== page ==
Washington: Drawing inspiration from mosquitoes and water striders, scientists have developed a new ice-prevention method which they say could lead to new type of
coating on planes and roads, reducing icing-related accidents.
The Harvard University researchers who created the new nano-materials that prevent ice formation by repelling water droplets, said their findings can be used to develop a new
type of coating that can be directly integrated into various materials and commercialised in the near future.
It would be soon give birth to a new ice-prevention method that`s more efficient and environmentally friendly than the traditional deicing chemicals used on planes and roads,
"We wanted to take a completely different tact and design materials that inherently prevent ice formation by repelling the water droplets," said study researcher Joanna Aizenberg, an engineer at Harvard University.
"From past studies, we also realised that the formation of ice is not a static event. The crucial approach was to investigate the entire dynamic process of how droplets impact
and freeze on a supercooled surface," Aizenberg was quoted as saying by LiveScience.
For their research, Aizenberg and colleagues first looked at how nature deals with water (the precursor to ice). They found, for example, that mosquitoes can defog their eyes, and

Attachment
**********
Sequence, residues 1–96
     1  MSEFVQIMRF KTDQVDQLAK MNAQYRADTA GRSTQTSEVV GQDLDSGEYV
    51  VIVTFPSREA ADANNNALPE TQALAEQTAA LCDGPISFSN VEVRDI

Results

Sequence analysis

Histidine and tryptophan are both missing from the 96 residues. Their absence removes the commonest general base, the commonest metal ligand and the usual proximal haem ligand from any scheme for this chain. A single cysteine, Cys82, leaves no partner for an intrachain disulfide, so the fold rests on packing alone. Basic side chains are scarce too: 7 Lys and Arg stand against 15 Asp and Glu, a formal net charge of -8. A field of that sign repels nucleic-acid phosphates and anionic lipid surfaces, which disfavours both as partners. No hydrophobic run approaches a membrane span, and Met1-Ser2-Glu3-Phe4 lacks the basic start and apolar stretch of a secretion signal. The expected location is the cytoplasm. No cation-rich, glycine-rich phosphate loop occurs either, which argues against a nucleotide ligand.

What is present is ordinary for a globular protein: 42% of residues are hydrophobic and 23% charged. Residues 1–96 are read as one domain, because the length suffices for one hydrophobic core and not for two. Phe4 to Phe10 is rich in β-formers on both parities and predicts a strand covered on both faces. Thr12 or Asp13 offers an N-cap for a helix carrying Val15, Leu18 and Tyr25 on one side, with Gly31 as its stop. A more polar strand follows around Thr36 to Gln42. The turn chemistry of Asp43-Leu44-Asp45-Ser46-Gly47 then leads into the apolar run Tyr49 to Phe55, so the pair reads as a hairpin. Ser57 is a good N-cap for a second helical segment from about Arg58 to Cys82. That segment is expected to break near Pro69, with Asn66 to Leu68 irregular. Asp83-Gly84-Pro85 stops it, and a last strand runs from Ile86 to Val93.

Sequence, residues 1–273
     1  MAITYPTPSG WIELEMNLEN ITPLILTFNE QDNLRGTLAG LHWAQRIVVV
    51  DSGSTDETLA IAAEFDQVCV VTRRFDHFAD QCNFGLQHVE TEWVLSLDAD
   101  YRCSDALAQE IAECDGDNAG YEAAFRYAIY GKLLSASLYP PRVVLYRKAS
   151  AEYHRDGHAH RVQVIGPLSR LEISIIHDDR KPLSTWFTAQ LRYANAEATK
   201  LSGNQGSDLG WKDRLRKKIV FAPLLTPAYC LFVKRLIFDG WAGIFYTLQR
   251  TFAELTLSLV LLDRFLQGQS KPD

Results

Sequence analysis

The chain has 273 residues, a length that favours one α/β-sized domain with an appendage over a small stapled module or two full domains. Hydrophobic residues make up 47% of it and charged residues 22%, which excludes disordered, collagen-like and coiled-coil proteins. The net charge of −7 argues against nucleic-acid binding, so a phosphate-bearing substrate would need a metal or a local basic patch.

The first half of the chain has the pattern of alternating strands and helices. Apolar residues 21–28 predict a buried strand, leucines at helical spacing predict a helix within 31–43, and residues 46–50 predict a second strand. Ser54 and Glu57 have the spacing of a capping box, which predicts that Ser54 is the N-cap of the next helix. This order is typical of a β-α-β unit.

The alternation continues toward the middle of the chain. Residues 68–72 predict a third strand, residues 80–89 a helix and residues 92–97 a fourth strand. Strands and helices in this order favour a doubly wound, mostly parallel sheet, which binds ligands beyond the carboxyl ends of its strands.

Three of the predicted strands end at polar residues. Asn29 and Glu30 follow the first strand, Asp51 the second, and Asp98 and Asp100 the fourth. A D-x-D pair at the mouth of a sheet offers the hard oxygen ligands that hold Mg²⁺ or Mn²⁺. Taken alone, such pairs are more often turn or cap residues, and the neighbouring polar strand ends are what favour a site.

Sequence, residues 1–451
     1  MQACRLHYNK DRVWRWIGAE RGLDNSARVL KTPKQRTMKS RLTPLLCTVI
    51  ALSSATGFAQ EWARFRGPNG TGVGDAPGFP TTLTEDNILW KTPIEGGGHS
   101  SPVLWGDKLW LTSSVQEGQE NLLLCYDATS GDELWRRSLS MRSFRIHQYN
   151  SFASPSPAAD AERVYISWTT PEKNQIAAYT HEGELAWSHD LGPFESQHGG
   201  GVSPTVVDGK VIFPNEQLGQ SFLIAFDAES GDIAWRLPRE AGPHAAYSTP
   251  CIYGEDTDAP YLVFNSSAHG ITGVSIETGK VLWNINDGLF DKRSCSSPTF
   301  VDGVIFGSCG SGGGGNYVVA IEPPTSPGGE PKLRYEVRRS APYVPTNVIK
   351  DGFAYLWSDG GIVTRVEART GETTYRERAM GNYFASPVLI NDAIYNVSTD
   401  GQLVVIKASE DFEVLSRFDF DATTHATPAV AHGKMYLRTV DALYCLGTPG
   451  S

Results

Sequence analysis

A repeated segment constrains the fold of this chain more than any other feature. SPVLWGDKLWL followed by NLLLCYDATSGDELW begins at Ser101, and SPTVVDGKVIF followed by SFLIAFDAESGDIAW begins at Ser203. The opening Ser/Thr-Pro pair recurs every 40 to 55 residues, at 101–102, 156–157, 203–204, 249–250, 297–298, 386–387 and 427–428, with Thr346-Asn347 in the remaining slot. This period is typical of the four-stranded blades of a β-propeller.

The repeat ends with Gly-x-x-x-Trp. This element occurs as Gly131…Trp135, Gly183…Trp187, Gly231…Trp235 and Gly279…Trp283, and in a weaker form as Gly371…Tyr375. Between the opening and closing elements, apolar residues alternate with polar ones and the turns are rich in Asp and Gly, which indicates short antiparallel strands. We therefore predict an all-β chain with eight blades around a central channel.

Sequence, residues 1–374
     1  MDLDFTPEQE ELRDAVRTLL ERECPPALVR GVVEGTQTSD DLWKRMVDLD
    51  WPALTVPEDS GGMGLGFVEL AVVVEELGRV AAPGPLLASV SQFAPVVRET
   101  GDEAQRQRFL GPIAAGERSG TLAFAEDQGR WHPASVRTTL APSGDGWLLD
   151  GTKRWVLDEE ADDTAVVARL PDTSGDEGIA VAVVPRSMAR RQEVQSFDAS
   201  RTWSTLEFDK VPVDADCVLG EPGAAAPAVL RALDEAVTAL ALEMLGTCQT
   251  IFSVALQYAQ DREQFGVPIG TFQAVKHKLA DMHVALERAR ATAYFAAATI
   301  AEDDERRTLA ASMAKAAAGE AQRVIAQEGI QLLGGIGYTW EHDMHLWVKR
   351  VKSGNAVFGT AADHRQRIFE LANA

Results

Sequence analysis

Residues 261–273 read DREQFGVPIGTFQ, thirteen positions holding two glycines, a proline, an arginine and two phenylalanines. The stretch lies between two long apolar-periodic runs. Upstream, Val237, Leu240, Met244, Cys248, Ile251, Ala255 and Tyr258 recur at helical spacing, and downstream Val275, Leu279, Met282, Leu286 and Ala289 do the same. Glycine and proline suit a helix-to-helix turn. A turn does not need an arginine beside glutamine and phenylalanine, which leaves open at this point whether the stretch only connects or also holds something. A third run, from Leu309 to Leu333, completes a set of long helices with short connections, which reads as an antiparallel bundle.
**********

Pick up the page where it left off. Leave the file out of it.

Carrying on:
water striders can keep their legs dry thanks to an array of tiny bristles that repel droplets by reducing the surface area each one encounters.
"Freezing starts with droplets colliding with a surface," Aizenberg explained. "But very little is known about what happens when droplets hit surfaces at low temperatures."
The team created surfaces to mimic some of those found in nature, with teensy bristles, blades and interconnected patterns, such as honeycombs and bricks. Then they used high-speed videos to observe supercooled droplets hitting these surfaces.
They saw that when a cold droplet hit one of their nanostructured surface, it first spread out, and then the process ran in reverse: The droplet retracted to a spherical shape and bounced back off the surface before ever having a chance to freeze.
By contrast, on a smooth surface without the structured properties, the droplets remained spread out and eventually froze, the scientists reported in the journal ACS Nano.
The nanostructured materials prevent the formation of ice even down to temperatures as low as low as minus 25 to minus 30 degrees Celsius.
Below that, due to the reduced contact area that prevents the droplets from fully wetting the surface, any ice that forms doesn`t adhere well and is much easier to remove than the stubborn sheets that can form on flat surfaces.
"We see this approach as a radical and much needed shift in anti-ice technologies," Aizenberg said. "The concept of friction-free surfaces that deflect supercooled water droplets before ice nucleation can even occur is more than just a theory or a proof-of-principle experiments."
In fact, the team has just begun testing the technology in real-world settings.